Thursday, October 31, 2013

October Favorites

1) Chanel N° 5 Bottle - I don't much like the way Chanel N° 5 smells. However, it is a historical and iconic fragrance. I happened on an empty bottle at an antique store, and the emptiness suits me just fine.

2) Pink Macaroon Case - A little trinket I have around, this little macaroon opens up like a box. In all the time I've had it, however, I still haven't found the right thing to put inside.

3) Green Tights - I wanted a pair of plain green (versus light green or neon green or dark green or olive green) tights last year; I saw the right shade at Anthropologie, but they were gone when I went to get them. They turned up again this year, so here they are.

4) The Illustrated Silmarillion - Time to show off. I used to ogle this copy of The Silmarillion at Barnes & Noble when I was younger; Ted Nasmith isn't always my favorite Tolkien illustrator, but the work he did for this book is gorgeous and often breathtaking. When I finally got the book a few months ago, it was like going back to my early memories of these stories. (By the way, if you call yourself a Tolkien fan and have not yet read The Silmarillion, go read it.)

5) Rose Soap - I'm taking a break from local soap with this floral one from Santa Fe. The company specializes more in lavender. The rose scent is a little more perfumy than I like, but it's still nice and the soap is good quality.

6) Trader Joe's Harvest Blend Herbal Tea - For a low price, this tea smells like fall and the holidays. It has cinnamon, ginger, hibiscus, chamomile, chicory, orange peel, and apple. And it has a cute fox on the front.

7) Brown Boots - You know, I've never really had a tall pair of boots. This is surprising considering how popular they are. This season, however, I finally picked out a good quality, comfortable pair in a versatile style and color. Whether with pants or a dress, they have the right look.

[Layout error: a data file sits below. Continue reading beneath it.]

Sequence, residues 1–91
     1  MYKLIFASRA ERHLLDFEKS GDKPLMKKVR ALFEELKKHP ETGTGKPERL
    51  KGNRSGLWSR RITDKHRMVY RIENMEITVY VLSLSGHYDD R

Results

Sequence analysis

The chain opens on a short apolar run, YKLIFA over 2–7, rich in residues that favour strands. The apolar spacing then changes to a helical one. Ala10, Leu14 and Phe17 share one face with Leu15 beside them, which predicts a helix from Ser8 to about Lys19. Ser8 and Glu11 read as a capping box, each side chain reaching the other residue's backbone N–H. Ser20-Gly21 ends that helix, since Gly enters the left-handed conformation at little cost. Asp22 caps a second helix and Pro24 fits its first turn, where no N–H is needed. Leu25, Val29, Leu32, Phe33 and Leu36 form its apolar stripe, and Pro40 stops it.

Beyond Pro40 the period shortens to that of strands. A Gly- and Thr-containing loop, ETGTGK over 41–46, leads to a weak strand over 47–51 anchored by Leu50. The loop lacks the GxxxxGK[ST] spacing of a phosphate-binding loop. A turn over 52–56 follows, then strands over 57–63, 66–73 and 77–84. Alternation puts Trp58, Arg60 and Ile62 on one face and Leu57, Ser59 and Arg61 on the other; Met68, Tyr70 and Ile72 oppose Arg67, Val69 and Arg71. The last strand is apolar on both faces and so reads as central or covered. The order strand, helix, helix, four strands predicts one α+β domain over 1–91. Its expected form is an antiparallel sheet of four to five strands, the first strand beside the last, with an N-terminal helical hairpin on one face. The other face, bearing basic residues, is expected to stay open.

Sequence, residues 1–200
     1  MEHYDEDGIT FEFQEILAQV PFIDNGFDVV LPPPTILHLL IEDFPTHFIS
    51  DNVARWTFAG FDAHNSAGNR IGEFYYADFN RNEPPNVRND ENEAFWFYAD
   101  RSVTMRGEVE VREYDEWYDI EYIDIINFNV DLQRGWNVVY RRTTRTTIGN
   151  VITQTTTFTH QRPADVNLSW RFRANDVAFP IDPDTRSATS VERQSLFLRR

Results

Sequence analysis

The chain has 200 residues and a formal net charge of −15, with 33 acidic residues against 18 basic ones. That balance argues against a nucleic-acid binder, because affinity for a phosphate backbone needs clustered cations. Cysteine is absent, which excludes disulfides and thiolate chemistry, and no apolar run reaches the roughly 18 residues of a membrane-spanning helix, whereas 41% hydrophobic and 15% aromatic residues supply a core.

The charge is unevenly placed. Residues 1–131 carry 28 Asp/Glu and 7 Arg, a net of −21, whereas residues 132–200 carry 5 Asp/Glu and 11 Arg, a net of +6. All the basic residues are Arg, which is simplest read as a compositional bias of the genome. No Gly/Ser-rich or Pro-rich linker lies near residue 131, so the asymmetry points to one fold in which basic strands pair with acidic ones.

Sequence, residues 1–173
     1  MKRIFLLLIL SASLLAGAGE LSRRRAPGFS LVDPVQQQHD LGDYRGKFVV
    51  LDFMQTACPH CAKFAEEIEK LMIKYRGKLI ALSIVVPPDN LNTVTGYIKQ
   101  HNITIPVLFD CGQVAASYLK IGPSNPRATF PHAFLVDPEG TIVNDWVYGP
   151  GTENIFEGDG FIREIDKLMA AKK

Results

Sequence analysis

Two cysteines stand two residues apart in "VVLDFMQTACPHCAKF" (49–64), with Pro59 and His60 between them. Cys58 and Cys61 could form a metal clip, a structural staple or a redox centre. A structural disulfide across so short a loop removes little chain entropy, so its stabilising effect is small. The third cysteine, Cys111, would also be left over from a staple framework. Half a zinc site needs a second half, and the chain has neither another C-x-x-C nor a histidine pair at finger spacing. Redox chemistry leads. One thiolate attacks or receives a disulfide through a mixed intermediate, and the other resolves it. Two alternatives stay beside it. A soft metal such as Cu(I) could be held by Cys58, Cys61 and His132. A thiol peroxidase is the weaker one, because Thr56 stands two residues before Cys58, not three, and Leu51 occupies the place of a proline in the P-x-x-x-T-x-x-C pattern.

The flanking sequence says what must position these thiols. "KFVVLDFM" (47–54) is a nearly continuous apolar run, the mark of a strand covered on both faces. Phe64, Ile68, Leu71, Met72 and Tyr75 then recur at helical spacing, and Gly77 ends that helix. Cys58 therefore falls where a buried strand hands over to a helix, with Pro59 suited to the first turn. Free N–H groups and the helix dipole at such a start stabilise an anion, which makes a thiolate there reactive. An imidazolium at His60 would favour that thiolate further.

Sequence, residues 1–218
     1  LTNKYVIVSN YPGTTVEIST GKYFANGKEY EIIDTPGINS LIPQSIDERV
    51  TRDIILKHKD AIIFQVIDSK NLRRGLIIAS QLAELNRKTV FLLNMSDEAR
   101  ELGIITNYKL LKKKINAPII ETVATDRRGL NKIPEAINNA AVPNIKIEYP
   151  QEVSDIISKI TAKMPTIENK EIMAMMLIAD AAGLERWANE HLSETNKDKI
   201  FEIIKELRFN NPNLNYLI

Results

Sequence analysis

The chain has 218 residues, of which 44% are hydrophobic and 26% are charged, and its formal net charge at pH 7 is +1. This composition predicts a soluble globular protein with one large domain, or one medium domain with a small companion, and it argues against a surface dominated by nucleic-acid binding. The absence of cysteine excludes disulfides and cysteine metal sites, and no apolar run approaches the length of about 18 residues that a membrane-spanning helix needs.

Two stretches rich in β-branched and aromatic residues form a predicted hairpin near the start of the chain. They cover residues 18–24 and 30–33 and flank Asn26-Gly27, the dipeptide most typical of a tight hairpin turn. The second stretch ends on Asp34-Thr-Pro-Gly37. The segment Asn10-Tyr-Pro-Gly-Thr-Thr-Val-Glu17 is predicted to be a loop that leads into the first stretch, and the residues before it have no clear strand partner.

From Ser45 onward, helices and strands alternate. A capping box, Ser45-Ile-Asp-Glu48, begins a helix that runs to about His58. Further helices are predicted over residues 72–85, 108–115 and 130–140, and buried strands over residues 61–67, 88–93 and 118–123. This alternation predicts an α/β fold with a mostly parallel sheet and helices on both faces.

8) Darth Vader Dress - Hee; hee. Hee; hee. This is the part where you either roll your eyes or get excited. Or possibly both. Given that I knew I'd be at a Halloween-type event but not a costume one, I decided to give in and get this Her Universe dress from It isn't quite a costume, and depending on how you wear it, can look more or less like regular clothing. You can't tell from the picture, but the skirt is A-line.

9) Plaid Dress - Sometimes you see a piece of clothing that you really like, but it's more than you want to spend. That's how it was with this dress. Then I just happened to be at Dillard's when they had an extra sale on reduced merchandise, so this dress came out at an incredibly low price. I call it my country librarian dress.

10) Felt Pumpkin Purse - Almost all the time this month, I have been using my pumpkin purse. It isn't the most convenient purse, but it's fun to have around. Happy Halloween.

Tuesday, October 29, 2013

Numi: Chocolate Pu-erh Tea

Green tea, black tea, herbal tea, or whatever else we call tea these days--I like a variety of it. Drinking tea once or twice a day, I'm also going through a lot. So when I see something that looks good, I get it. And I do particularly like to keep up on the popular chocolate teas, which led me to this Chocolate Pu-erh tea from Numi.

Numi isn't a brand I find myself buying, but when I do occasionally have something like their mint tea, it strikes me as quality. Good flavor isn't surprising considering that Numi is an organic brand. But, as you can see from this box, they don't flaunt their status. The box does contain information on their commitments to being friendly to the environment and to fair labor, along with a little info on pu-erh tea. But the front of the box is just about telling you what kind of tea it is. It's simple and straightforward. I had never had pu-erh tea, but this variety looked appealing. 

This tea steeps for three to five minutes. I brew it on the strong side, so that it looks almost like black coffee. While Numi's regular pu-erh tea says that it can be enjoyed with or without milk, the chocolate version does not mention milk or sugar; I therefore stuck with my usual habits and added nothing. And you know what? It doesn't need anything. With the first sip, I was struck by the rich chocolate flavor. It might just be the strongest out of any chocolate tea I have had before. A glance at the ingredients reveals something new: cocoa powder. Don't most chocolate teas use cocoa nibs? Interesting. Besides the two main ingredients, there are also vanilla beans, rooibos, cinnamon, orange peel, and nutmeg. Of course, it's all organic. This combination of flavors is just enough to enhance the chocolate taste without overtaking it with secondary tastes.